It must be nerve-wracking to be a postal worker. As someone who delivers mail and parcels for a living, he or she doesn’t know the viciousness that lurks behind an open door or gate. I’m of course talking about dangerous dogs here.
Take the case of Mai-Anh Nguyen, a Milpitas letter carrier who was mauled by a Pit-bull while she was delivering mail on July 14. According to an article posted on NBC News’ Web site, Nguyen was on her rounds walking on the sidewalk when she was attacked by the Pit-bull that charged at her from an open garage door of a house in that neighborhood.
Nguyen, who is quoted in the NBC article states: “There was not even enough time to pull out my dog spray. It happened so fast.”
The article states that dog bite incidents costs the U.S. Postal Service $25 million annually. That includes medical expenses, workers compensation, legal costs, delivery curtailment, worker replacement and other miscellaneous costs. Last week, the Postal Service also released the picture of the injured Nguyen, whose face was completely disfigured by the dog bites, to raise public awareness about the horrific aftermath of a dog attack.
There is no doubt that dog attacks have the potential to cause physical injuries so severe that they need plastic surgeons to help repair. But the effects are also psychological. Panic attacks, dealing with your appearance, permanent scars, fear of all dogs (even domestic pets) are common after effects of a dog attack.
Homeowners must realize that they should keep their dogs restrained at all times. It’s every dog owner’s responsibility to do so. This doesn’t only apply for dangerous breeds of dogs such as Pit-bulls and Rotweillers, but all types of dogs, especially if they’ve shown signs of hostility previously, such as attacking a small dog or constant barking at passersby. Moreover, homeowners could be held liable for all medical expenses and other costs if letter carriers or for that matter when a landscape worker or pool maintenance worker is attacked by their dogs. These can sometimes run into hundreds of thousands of dollars.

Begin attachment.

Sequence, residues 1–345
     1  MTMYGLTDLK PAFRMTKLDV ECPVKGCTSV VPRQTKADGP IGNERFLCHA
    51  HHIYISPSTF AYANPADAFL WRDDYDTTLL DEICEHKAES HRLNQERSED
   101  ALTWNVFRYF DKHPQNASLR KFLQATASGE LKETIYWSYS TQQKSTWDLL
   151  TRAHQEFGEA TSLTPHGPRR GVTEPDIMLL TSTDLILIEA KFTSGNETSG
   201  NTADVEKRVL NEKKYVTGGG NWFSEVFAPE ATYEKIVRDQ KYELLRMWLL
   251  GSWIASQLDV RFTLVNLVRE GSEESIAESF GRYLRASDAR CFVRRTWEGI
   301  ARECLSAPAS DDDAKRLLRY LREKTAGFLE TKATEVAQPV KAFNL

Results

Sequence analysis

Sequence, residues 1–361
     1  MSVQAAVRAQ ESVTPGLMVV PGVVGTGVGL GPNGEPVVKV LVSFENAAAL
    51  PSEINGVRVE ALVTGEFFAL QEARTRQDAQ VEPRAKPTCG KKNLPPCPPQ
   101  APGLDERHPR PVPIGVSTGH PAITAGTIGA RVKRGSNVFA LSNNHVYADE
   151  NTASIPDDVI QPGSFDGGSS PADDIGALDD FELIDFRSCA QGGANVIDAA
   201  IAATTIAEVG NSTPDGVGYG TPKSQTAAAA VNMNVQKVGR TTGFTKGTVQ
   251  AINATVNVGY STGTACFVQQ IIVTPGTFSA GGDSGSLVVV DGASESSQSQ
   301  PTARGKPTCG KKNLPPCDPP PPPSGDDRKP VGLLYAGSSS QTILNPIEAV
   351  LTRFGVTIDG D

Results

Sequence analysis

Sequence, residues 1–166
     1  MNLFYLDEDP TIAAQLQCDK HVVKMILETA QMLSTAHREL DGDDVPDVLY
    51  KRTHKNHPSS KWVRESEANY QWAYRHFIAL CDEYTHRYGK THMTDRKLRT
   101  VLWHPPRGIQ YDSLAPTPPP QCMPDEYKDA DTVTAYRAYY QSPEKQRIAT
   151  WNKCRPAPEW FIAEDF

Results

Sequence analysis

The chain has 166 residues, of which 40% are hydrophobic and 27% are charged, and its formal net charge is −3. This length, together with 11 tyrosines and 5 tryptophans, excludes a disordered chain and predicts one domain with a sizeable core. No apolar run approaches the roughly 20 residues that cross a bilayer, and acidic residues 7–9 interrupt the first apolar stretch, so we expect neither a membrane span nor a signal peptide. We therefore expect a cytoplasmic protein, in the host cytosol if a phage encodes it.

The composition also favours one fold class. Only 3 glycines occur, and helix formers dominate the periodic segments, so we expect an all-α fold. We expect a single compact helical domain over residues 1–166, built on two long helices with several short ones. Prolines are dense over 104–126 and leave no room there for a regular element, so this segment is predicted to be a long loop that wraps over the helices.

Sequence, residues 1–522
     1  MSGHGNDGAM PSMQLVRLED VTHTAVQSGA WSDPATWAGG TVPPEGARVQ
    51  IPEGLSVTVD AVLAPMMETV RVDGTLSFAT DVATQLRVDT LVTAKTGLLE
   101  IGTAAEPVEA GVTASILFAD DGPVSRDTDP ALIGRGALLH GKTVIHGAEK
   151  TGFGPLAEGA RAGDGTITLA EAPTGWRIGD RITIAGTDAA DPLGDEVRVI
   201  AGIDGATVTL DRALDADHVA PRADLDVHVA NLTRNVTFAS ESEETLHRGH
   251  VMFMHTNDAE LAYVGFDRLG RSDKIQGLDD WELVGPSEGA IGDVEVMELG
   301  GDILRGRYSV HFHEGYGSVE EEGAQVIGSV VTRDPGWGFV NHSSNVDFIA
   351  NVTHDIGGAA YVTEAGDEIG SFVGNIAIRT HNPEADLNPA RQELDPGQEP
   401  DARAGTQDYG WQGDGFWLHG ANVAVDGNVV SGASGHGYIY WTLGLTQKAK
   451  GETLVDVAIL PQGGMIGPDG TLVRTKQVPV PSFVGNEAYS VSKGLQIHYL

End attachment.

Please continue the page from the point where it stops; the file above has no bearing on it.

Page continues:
According to the USPS Web site, in the year 2001, for the first time in more than a decade, the number of dog bites reported by letter carriers exceeded 3,000. In 2002, that number grew to over 3,800. The following year, that number declined to just above 3,400, but that still means that an average of 11 letter carriers suffer dog-related injuries each day they deliver the mail. And here’s the interesting part: Many of the bites reported occurred despite pet owners’ insistence that their dogs would not bite.
Here’s my take on it. Owners, restrain your dogs. You don’t know them perfectly well. Some dogs may have shown signs of violent behavior, which their owners may or may not have noticed. For other animals, there’s always a first time. So don’t take any chances. Keep your animals under control. Otherwise, be prepared to face the consequences and pay dearly for it.
If you have suffered a dog bite, call me, John Bisnar. Irresponsible dog owners must be held accountable.